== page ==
Innovative TreatmentYale Urology surgeons are at the forefront of cancer research, driving the search for new treatments and cures and staying current on the most advanced and effective techniques. We continually integrate the latest in science-based medicine and innovative approaches into our practice to offer patients safer and more effective treatments.
Improved Detection of Bladder Cancers with Cysview
Smilow Cancer Hospital is one of the only hospitals in Connecticut to offer Blue Light Cystoscopy with Cysview, which has been proven to significantly increase the detection of bladder cancer over white-light cystoscopy alone. In fact, 20.7% of patients with primary bladder cancer has had at least one tumor detected with blue light that was not detected when using white light. And 27.7% of patients with recurrent bladder cancer had at least one tumor detected with blue light that was not detected with white light, and a seven-month improvement in time to recurrence has been demonstrated.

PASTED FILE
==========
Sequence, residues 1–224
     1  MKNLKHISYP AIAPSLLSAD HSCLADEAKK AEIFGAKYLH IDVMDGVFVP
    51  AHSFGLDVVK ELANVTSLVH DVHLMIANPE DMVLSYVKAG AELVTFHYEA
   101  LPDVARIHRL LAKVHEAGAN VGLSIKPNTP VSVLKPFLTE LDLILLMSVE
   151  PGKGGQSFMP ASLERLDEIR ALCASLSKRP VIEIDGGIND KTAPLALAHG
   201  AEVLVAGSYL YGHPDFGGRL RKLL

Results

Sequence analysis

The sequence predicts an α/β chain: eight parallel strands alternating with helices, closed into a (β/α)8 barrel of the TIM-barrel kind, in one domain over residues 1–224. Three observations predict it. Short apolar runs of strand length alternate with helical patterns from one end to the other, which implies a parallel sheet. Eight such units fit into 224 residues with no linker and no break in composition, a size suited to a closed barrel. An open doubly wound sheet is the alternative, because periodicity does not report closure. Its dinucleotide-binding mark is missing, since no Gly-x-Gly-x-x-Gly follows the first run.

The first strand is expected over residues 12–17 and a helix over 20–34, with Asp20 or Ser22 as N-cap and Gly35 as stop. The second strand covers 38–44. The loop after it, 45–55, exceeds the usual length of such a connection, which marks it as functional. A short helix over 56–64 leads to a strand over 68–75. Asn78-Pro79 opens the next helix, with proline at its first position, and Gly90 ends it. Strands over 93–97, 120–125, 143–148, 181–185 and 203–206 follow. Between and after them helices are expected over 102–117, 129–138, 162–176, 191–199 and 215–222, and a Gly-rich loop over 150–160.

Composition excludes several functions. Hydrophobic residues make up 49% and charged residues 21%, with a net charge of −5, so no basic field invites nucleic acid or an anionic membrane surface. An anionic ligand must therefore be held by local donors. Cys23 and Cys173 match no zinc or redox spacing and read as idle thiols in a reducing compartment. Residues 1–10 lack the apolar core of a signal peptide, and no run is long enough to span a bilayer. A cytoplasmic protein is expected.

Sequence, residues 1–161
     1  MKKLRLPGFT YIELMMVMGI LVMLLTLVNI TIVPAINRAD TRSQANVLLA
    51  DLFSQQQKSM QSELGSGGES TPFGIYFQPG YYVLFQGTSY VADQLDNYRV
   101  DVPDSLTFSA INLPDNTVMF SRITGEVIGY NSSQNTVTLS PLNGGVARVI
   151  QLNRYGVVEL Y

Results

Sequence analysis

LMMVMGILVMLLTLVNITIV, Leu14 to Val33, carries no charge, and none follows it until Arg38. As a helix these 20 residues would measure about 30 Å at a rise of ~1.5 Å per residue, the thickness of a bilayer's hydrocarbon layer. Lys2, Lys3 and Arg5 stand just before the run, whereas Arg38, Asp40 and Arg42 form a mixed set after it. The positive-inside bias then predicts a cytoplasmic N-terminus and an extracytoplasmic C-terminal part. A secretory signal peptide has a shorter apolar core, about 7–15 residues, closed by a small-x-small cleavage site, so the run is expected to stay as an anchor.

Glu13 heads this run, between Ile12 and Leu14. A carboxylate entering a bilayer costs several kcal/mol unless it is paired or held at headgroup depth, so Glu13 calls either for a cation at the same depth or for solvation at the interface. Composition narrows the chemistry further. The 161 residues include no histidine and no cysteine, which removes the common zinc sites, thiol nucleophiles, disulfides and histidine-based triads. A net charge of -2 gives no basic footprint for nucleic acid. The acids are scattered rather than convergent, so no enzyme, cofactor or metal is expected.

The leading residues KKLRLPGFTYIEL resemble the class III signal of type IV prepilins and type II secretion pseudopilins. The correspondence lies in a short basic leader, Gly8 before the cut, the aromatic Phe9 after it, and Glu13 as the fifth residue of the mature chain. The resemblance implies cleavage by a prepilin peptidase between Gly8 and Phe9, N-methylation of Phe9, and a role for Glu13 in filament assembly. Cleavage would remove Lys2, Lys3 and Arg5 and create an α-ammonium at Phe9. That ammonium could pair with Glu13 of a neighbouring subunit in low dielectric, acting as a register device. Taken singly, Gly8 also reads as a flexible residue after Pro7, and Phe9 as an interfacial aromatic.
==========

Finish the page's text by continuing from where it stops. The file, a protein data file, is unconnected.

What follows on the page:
Following diagnosis, the multidisciplinary bladder cancer team offers our patients complete care with specialized pathology, neoadjuvant therapy options, an enhanced recovery after surgery (ERAS) protocol, which has been demonstrated to reduce the length of stay and post-surgical complications, as well as advanced surgical techniques to maintain sexual function and bladder control.
Learn more about Cysview here.
About Bladder CancerBladder cancer is the formation of malignant cells originating in the tissue lining the bladder or the urothelium. Bladder cancer is the fourth most common cancer in men and the eighth most common cancer in women. There are three types of bladder cancer:
- Transitional cell carcinoma – Transitional cell carcinoma originates from the bladder’s inner lining or urothelium and is the most common form of bladder cancer.
- Squamous cell carcinoma – This type of bladder cancer involves the thin, flat cells of the bladder. This form of bladder cancer is not as common in the United States.
- Adenocarcinoma – Adenocarcinoma originates in the cells that release mucus and other fluids. It can also originate from remnants of the umbilical cord.
Additional information about bladder cancer: